I would like to say that much of this game is finely crafted and executed. The story is really well-written with the proper mix of drama and comedy. This is especially true of the arguments between Ceri and Sylvi, fighting for Yomi’s attention and praise, but also in respect to Yomi and Maeve, who both seek Ceri’s best interests as they see it. Not only moving the story along, these frictions become the catalysts for some really interesting scenes as the game progresses. Then there is the constant gag of Ceri being subjected to Yomi’s fashion sense, much to her chagrin and embarrassment as well as contrasting her paladin-like purity against Yomi’s more liberated worldliness. Combine these things with a healthy dose of heartwarming interludes of romance and camaraderie, epic boss battles, and certain objects, including two reluctant knights, being used for relief and entertainment purposes and what you get is a story that is guaranteed to get you hooked no matter how difficult the levels get. The plot firmly follows the lines of a fantasy JRPG, very similar to the Hyperdimension Neptunia series as a matter of fact, but the mixture of Japanese anthropomorphic character types and the ability to recruit former enemies make it truly unique. The art is well done for both the characters and backgrounds, utilizing crisp and clean lines with just the right amount of animation to convey the action and emotions without losing it’s simplicity. Furthermore, the character designs and, in some ways, personalities of Yomi and Ceri were certainly derived from Mieko and Hiromi from Sakura Swim Club, which was of great appeal to me and something I hope is retained in future titles of this series. The music is quite good, ranging from tin whistle-based Celtic themes to airy ancient sounds in the pyramid level. Although it did get a bit repetitive, especially those related to battle sequences. This fact notwithstanding, it certainly conveyed the mood and ambiance admirably for such a simple soundtrack. So as far as the aesthetics of the game are concerned, they are in very good order.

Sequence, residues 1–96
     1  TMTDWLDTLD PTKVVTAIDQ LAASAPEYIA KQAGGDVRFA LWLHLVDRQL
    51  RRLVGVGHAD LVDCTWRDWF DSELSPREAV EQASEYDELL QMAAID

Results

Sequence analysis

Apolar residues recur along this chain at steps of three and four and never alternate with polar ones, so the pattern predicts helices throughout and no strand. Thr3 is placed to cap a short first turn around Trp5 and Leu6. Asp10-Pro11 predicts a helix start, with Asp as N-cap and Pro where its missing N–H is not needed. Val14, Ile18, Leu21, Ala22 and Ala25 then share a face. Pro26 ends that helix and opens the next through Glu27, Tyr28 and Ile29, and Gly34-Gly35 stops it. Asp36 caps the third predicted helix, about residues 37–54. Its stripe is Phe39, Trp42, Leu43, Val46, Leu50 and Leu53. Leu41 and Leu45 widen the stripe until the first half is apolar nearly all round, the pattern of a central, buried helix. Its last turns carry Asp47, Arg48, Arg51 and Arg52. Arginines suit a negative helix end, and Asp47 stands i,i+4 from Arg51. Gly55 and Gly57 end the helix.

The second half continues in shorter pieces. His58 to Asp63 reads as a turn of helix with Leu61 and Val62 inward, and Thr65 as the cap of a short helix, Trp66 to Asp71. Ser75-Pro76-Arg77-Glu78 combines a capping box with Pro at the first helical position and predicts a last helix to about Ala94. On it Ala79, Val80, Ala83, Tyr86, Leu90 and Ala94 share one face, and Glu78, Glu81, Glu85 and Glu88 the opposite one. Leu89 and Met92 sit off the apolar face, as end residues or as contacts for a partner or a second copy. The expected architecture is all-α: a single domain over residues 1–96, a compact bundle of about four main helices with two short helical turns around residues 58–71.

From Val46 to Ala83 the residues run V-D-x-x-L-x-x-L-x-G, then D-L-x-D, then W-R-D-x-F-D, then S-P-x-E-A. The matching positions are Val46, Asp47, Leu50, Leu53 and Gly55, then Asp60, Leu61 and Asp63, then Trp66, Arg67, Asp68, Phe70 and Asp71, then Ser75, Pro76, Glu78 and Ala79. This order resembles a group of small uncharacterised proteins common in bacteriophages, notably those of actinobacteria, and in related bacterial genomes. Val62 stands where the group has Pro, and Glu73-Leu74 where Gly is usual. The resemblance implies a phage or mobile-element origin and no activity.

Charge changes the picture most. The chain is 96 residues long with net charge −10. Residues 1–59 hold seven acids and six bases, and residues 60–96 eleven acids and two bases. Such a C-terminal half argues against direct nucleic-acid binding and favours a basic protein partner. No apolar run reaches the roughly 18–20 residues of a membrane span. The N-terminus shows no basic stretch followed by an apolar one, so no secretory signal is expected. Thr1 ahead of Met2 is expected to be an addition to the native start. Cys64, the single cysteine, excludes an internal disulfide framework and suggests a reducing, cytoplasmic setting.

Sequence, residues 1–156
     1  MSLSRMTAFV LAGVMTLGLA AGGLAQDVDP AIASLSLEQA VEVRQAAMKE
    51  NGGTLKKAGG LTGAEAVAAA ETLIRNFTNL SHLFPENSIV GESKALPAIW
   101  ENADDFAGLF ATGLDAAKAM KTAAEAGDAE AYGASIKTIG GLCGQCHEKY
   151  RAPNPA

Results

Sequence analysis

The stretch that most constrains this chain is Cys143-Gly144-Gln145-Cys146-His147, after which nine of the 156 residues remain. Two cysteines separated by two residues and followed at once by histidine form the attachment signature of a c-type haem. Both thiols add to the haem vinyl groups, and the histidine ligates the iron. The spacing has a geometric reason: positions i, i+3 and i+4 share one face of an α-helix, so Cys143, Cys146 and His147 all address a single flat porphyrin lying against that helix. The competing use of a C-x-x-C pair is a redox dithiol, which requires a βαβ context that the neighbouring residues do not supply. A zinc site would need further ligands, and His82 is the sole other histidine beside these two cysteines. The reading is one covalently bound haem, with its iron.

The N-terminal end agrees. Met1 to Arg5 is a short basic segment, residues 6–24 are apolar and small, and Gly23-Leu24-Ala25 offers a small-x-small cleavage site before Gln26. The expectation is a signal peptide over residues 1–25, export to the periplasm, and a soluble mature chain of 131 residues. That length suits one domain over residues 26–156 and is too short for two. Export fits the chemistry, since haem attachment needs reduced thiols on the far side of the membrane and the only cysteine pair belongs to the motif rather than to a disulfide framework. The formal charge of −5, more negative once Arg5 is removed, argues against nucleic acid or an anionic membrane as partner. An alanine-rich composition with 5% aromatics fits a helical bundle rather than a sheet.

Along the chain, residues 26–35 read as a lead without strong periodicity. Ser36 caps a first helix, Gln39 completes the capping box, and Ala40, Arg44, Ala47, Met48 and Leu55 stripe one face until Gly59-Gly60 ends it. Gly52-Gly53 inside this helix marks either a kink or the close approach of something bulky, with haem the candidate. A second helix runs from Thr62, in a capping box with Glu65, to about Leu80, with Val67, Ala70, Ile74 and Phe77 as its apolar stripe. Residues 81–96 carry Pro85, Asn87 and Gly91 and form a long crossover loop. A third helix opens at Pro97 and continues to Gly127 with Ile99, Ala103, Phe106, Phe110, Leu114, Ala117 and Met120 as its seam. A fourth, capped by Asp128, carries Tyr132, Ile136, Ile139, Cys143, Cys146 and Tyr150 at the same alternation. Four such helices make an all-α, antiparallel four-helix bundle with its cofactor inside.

Unfortunately, there are some significant shortcomings with this game and, I’m afraid, they happen to be with some of it’s more core aspects. One of the chief issues is with the leveling of characters. Under normal circumstances, it takes quite awhile to level each character and this assumes that you are fighting characters of the same level or a little higher. Such requirements mean grinding and when you consider the fact that each character must level up by a factor of two to three levels to have a good chance of success against the boss on each floor, it adds up to quite a lot of effort and time being expended before this is possible. Though I do concede this is a common aspect of the genre, I think the amount of combat the player has to do to raise each character’s level borders on excessive. This wouldn’t be as much of an issue if the ability of gaining group experience points in battles were not limited to Yomi alone. It would also have been a great improvement if you could use all six of your fighters in battle rather than having to manually rotate them in and out of first line and second line positions. Many times, a player may find themselves in need of both Maeve and Ceri’s blades as well as Yomi and Sylvi’s spells. If all six chosen characters had been able fight together, certain floor bosses might have been cleared a lot more quickly. Furthermore, it would allow the player to more flexibly fight the many types of guards on each level, whose resistances to fire, poison, electric, and ice attacks can vary greatly. This is even more true in the higher levels when you deal with characters like the reaper twins, who can deploy magic shields at random during battle, or those floor bosses with the Dual Soul capability, which allows them to almost completely heal themselves in the middle of combat. Then again, the ability for any character in the player’s party to heal in mid-battle might also have been an excellent addition to the game. It certainly would have made the fight against a certain mystical warrior a hell of a lot easier. Another issue is the floor challenges, like the one on the Shrine floors where you had to walk a certain set of paces in a certain amount of time to open a door before it relocked or the disorientation tiles in the Abyssal level that force you to navigate by dead reckoning. Unless you really paid attention in game theory, you are going to have quite a challenge on your hands. This added difficulty, when guards are factored in, seems to tax the player to the extreme, having to juggle their paces, time in battle, and how they are going to defeat this guard and proceed. Considering how they seriously impede the player’s progress, I think, with respect, these things should have been omitted. Now, I would like to take a quick moment to note that these things do not condemn the game but rather show how this potentially phenomenal game missed the mark, in the words of Max Smart, “by that much.”